The Scott Moncrieff Prize is an annual award for translations into English of full-length French works of literary merit and general interest. The winner is awarded £3,000.
Frank Wynne was rewarded for his translation of Standing Heavy by GauZ’ (MacLehose Press).
Judge Jane MacKenzie said:
“The writing is searingly witty, incisive, full of vivid imagery, and has been superbly translated by Frank Wynne, losing none of the humour, the energy, the authentic street view. This is a true tour-de-force in both languages and reads as joyfully and sharply in English as it does in French.”
The jury was composed of Constance Bantman, David Mills and Jane MacKenzie.
Frank Wynne is an Irish translator and writer. He began translating literary texts at the end of the 1990s, and in 2001 decided to devote himself entirely to literary translation. His work has earned him numerous awards, including the Premio Valle Inclán and the Dublin Literary Award.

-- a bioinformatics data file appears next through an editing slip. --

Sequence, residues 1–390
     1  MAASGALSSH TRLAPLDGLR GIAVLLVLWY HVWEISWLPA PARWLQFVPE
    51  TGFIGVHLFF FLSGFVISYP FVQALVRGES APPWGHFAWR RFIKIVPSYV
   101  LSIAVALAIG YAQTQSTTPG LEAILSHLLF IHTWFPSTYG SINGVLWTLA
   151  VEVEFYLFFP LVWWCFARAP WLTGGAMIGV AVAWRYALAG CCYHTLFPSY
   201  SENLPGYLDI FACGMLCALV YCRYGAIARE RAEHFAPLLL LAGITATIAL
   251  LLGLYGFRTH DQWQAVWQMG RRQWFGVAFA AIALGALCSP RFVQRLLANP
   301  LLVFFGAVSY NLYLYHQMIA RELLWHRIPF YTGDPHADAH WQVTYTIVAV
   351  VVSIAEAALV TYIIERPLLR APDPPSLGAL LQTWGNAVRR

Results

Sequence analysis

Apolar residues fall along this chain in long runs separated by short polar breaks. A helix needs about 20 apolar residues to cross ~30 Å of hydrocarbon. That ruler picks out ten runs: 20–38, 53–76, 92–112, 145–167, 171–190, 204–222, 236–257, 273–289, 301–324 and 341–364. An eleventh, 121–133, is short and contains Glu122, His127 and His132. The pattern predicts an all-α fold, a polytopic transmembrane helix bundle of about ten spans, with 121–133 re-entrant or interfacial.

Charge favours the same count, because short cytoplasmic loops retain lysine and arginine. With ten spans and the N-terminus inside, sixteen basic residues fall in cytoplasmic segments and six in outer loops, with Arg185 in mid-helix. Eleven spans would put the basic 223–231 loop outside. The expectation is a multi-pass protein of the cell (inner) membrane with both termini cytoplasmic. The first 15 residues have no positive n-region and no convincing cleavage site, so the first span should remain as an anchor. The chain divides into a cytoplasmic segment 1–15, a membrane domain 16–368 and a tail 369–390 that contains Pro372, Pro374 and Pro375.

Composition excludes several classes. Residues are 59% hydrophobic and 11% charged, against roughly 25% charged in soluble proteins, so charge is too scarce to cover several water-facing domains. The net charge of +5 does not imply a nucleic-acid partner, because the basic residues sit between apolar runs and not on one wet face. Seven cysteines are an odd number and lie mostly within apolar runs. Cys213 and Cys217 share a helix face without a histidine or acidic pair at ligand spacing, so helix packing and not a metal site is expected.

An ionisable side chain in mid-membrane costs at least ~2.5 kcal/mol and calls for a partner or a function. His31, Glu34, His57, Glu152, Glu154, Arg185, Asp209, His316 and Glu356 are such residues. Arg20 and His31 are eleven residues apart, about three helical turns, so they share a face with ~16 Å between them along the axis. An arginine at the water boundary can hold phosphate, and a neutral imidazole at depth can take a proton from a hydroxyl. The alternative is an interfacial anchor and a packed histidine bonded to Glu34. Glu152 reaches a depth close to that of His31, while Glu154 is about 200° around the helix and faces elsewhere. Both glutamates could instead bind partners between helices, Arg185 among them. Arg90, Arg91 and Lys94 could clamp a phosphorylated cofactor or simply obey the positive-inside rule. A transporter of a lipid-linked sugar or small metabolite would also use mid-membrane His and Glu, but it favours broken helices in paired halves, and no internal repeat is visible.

He is now a three-time winner of the Scott Moncrieff Prize, having previously won in 2008 for the translations of Frédéric Beigbeder’s Holiday in a Coma and Love Lasts Three Years and in 2015 for Boualem Sansal’s Harraga.
His latest winning translation, Standing Heavy traces the experience of undocumented workers through the portraits of two generations of Ivorians. The novel won the Gibert Joseph Booksellers Prize and was shortlisted for the International Booker Prize in 2023.
The finalists of this year’s Scott-Moncrieff Prize were Adriana Hunter for The Anomaly by Hervé Le Tellier and Clíona Ní Ríordáin for Yell, Sam, If You Still Can by Maylis Besserie.